A man in the old west was being tried for stealing a horse and, as you probably know from reading history, this was a very serious offense. You could be hung if you were caught stealing a horse.
Now, the problem with this situation was that the man whose horse had been stolen had gotten the best of every person on the jury at one time or another. Each one of them had been swindled, cheated, or conned in some way by the plaintiff. And so the case was tried.
The man whose horse had been stolen was sitting there and the judge asked the foreman of the jury, "Have you reached a verdict?" And the chairman said, "Yes we have, your honor." After a few moments of silence the chairman spoke and he said, "We find the defendant not guilty, if he will return the horse!"
Laughter broke out, and so after the judge silenced everybody in the courtroom, he admonished the jury, "I can't accept that verdict. You have to retire until you reach another one." So they went back into the jury room and thought about how to render the verdict.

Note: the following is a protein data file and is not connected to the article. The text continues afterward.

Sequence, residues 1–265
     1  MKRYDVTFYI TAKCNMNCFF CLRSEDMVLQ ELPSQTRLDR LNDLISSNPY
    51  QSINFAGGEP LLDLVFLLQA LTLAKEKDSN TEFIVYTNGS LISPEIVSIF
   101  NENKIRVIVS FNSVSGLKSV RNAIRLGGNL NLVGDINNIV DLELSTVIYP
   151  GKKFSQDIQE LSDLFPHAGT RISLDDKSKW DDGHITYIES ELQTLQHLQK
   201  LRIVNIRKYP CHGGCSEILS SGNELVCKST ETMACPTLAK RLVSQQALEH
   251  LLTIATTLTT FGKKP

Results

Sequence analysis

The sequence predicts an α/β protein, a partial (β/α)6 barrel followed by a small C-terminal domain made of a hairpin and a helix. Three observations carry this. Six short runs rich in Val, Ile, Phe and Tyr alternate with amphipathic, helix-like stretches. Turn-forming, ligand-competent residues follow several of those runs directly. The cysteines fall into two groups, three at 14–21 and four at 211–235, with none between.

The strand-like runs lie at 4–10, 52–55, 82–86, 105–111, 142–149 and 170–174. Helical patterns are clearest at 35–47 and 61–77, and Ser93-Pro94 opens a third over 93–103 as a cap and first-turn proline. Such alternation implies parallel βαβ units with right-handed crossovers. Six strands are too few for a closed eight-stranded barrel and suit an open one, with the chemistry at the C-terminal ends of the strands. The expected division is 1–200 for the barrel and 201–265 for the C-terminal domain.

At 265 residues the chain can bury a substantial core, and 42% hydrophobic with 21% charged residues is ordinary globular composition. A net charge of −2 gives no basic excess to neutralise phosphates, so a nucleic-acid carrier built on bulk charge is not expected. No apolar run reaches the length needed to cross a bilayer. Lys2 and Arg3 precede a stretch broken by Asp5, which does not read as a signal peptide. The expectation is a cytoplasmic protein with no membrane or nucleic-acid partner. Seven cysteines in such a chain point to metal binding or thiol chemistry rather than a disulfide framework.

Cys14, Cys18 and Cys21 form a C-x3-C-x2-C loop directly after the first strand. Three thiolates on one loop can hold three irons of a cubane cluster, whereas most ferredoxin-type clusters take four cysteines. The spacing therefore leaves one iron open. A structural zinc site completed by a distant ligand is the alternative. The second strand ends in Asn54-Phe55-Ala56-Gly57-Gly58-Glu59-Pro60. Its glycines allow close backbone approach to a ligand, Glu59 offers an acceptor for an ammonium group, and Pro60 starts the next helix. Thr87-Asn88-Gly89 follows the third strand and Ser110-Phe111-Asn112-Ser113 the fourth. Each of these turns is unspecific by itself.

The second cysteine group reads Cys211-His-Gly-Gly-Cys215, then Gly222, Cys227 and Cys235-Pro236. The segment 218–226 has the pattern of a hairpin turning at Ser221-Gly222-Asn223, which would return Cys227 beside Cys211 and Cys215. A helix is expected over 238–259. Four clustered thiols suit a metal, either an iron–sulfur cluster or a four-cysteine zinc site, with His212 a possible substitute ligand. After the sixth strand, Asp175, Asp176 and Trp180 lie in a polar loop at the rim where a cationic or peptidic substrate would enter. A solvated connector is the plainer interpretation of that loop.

Each jury-member thought about how the plaintiff, at one time or another, had gotten the best of them. So an hour later, the same thing happened. "Gentlemen of the jury have you reached a verdict?" the judge asked again. "Yes we have your honor," replied the foreman. "What say ye? What is your verdict?"
The courtroom was deathly silent. You could have heard a pin drop. Eagerly, everyone awaited the verdict. The foreman stood and said, "We find the defendant not guilty and he can keep the horse!" The courtroom burst into laughter again.
After hearing this story, you can come away from it thinking, "Well, what's the moral of the story?" If you cheat people and if you do wrong by people, sooner or later you are going to get yours? If you desire to be a friend, then you had better be a friend? If you desire other people to help you then you better help others? And if you desire justice at the hands of others, then you better practice justice towards them?